dicht

Definition from Wiktionary, the free dictionary
Jump to: navigation, search

Dutch[edit]

Etymology[edit]

From Middle Dutch dicht, from Old Dutch *thīht, from Proto-Germanic *þinhtaz. Cognate with English tight and German dicht (dense).

Pronunciation[edit]

Adjective[edit]

dicht (comparative dichter, superlative dichtst)

  1. thick, dense
  2. close
    „Wie vorig jaar zijn woning verkocht, kreeg een prijs die relatief dicht bij de oorspronkelijke vraagprijs lag”, staat in het onderzoek. — “Who in the previous year sold his home, obtained a price that lay relatively close to the original asking price,” stated the research paper.
    (Het Algemeen Dagblad, 5 January 2007)
  3. closed, shut
    Ik spring lachend in het diepe met m'n ogen dicht. — I jump laughing into the deep with my eyes shut. (Marco Borsato ft. Sita – Lopen Op Het Water)

Declension[edit]

Antonyms[edit]

  • (thick): dun
  • (closed, shut): open

Derived terms[edit]

Noun[edit]

dicht n (plural dichten, diminutive dichtje n)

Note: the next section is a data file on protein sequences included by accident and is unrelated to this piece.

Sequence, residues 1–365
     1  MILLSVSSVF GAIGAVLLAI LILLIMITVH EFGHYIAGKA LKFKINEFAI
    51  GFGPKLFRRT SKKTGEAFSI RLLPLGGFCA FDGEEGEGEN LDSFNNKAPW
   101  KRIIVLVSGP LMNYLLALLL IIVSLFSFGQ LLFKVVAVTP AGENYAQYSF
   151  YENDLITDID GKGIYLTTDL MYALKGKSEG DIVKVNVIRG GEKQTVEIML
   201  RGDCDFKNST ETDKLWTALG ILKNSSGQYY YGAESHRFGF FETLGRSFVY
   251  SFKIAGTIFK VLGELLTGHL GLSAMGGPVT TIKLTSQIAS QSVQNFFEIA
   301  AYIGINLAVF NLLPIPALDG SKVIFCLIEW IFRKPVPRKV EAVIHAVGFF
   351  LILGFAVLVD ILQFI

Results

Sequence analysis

1. short for gedicht: poem

Verb[edit]

dicht

  1. first-, second- and third-person singular present indicative of dichten
  2. imperative of dichten

German[edit]

Pronunciation[edit]

Etymology 1[edit]

From Middle High German dicht, from Old High German *dīht, from Proto-Germanic *þinhtaz.

Adjective[edit]

dicht (comparative dichter, superlative am dichtesten)

  1. thick
    • 2010, Der Spiegel, issue 33/2010, page 31:
      Baschir trägt einen dichten Bart, der einzig die Partie zwischen der Oberlippe und seiner großen Nase ausspart.
      Baschir wears a thick beard, which only leaves out the part between the upper lip and his big nose.
  2. tight
  3. close
  4. dense
  5. impermeable, sealed, closed (preventing passage or entrance)
Declension[edit]

Adverb[edit]

dicht

  1. closely

Etymology 2[edit]

Verb[edit]

dicht

  1. Imperative singular of dichten.
  2. (colloquial)First-person singular present of dichten.

Related terms[edit]